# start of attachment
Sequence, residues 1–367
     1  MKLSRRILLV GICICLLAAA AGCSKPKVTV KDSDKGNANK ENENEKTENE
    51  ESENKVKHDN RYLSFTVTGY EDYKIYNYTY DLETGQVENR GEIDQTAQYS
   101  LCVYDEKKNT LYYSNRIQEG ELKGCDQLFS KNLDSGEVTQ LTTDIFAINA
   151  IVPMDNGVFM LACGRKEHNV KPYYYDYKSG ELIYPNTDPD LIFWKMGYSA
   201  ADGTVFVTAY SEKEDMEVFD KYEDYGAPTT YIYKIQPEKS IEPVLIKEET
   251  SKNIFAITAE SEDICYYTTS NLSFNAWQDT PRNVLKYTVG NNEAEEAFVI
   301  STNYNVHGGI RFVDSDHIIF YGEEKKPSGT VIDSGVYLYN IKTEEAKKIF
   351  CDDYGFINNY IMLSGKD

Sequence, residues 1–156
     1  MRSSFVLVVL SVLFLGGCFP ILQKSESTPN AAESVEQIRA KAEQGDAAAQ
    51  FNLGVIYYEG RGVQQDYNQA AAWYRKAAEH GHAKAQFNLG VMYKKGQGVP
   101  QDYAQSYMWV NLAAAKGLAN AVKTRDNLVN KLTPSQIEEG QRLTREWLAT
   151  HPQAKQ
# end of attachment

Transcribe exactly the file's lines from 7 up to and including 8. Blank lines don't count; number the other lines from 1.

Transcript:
   251  SKNIFAITAE SEDICYYTTS NLSFNAWQDT PRNVLKYTVG NNEAEEAFVI
   301  STNYNVHGGI RFVDSDHIIF YGEEKKPSGT VIDSGVYLYN IKTEEAKKIF